Progressive Ataxia in a 68-year-old Man

June 10, 2015

The patient denies vertigo, hearing change, headache or ear pain. Physical exam and past medical history are benign. What does the brain MRI tell you?

A 68-year-old man presents to the emergency department after 4 days of constant and slowly progressive ataxia and possibly some intermittent double vision. He denies vertigo, change in hearing, headache or ear pain, drug or alcohol use or other complaints. He has a history of hypertension but denies any other past medical history. His only medications are aspirin, HCTZ, and potassium.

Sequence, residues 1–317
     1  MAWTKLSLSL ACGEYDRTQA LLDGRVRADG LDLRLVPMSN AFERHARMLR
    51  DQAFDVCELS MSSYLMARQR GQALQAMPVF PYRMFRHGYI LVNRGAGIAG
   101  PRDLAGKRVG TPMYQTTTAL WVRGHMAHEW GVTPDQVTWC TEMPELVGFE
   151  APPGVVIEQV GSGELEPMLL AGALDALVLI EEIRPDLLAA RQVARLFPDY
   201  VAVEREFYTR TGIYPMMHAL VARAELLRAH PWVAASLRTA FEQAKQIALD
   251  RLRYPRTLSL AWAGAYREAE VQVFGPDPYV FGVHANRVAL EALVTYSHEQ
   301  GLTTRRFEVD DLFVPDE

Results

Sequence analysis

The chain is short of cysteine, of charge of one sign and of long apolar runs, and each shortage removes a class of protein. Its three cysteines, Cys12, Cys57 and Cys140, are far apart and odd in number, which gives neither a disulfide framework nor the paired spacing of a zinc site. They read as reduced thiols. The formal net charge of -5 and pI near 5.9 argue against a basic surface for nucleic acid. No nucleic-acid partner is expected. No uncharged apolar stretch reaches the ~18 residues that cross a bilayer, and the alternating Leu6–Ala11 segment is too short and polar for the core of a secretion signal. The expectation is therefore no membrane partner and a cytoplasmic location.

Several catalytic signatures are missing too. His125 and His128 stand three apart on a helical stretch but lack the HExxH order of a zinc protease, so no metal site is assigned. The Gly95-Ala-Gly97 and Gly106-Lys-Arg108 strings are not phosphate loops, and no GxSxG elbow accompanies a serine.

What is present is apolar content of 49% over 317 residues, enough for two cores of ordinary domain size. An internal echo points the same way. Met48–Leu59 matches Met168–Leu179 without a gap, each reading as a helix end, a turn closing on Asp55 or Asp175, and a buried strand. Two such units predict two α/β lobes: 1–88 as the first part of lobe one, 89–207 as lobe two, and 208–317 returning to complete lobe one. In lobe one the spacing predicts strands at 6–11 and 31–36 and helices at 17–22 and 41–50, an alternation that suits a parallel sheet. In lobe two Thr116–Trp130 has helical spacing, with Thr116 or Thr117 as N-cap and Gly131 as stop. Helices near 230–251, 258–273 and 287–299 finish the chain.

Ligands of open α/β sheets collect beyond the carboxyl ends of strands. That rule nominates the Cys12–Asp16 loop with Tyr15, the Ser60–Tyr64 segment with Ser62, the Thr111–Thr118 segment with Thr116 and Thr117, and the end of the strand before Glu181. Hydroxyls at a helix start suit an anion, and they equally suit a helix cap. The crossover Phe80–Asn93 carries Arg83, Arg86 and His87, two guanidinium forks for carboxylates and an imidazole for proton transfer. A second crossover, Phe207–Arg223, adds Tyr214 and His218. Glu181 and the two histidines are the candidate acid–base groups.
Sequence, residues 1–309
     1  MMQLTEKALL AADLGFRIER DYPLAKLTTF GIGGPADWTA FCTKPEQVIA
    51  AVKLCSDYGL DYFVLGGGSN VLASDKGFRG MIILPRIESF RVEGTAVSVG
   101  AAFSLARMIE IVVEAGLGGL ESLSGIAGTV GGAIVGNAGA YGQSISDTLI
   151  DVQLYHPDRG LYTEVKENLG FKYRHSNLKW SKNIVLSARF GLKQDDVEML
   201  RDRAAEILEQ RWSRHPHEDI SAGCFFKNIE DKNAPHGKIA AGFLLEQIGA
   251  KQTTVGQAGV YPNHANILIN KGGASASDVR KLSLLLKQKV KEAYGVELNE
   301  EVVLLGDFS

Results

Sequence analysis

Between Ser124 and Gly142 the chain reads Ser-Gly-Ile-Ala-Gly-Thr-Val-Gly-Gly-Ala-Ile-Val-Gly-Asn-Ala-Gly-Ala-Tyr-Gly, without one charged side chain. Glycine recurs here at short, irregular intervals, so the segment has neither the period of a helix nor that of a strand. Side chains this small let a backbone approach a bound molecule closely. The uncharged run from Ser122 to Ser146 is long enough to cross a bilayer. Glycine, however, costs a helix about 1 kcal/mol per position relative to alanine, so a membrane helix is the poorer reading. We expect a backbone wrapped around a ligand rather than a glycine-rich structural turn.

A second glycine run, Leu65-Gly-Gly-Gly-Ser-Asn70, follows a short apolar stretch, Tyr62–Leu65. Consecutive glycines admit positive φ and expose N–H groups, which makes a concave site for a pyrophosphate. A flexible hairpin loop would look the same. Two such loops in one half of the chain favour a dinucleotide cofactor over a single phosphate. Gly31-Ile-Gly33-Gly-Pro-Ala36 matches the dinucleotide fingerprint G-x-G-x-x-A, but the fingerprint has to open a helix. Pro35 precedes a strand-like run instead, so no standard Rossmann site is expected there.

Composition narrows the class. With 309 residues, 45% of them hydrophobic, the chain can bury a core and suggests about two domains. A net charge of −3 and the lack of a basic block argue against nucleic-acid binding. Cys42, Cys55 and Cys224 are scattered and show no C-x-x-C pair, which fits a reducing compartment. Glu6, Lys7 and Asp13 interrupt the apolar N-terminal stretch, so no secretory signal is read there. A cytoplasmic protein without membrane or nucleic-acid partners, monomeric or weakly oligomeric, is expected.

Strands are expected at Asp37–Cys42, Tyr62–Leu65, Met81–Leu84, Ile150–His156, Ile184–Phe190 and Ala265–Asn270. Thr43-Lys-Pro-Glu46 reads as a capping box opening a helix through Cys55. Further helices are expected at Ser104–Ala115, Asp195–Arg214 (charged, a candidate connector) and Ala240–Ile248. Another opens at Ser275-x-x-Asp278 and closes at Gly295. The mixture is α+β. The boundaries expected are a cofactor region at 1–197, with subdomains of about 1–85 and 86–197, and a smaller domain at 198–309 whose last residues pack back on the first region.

Physical examination shows normal vitals signs. Examination of the head and neck reveals no facial weakness or nystagmus and normal eye motion. Tympanic membranes are clear and there is no vesicular rash. The heart is regular without murmur and the lungs are clear. The neurologic exam is essentially normal, including cranial nerves, except for a mildly positive Romberg sign.

An MRI of the brain is performed (see results in the Figure; click image to enlarge)

What diagnosis does the brain MRI reveal?

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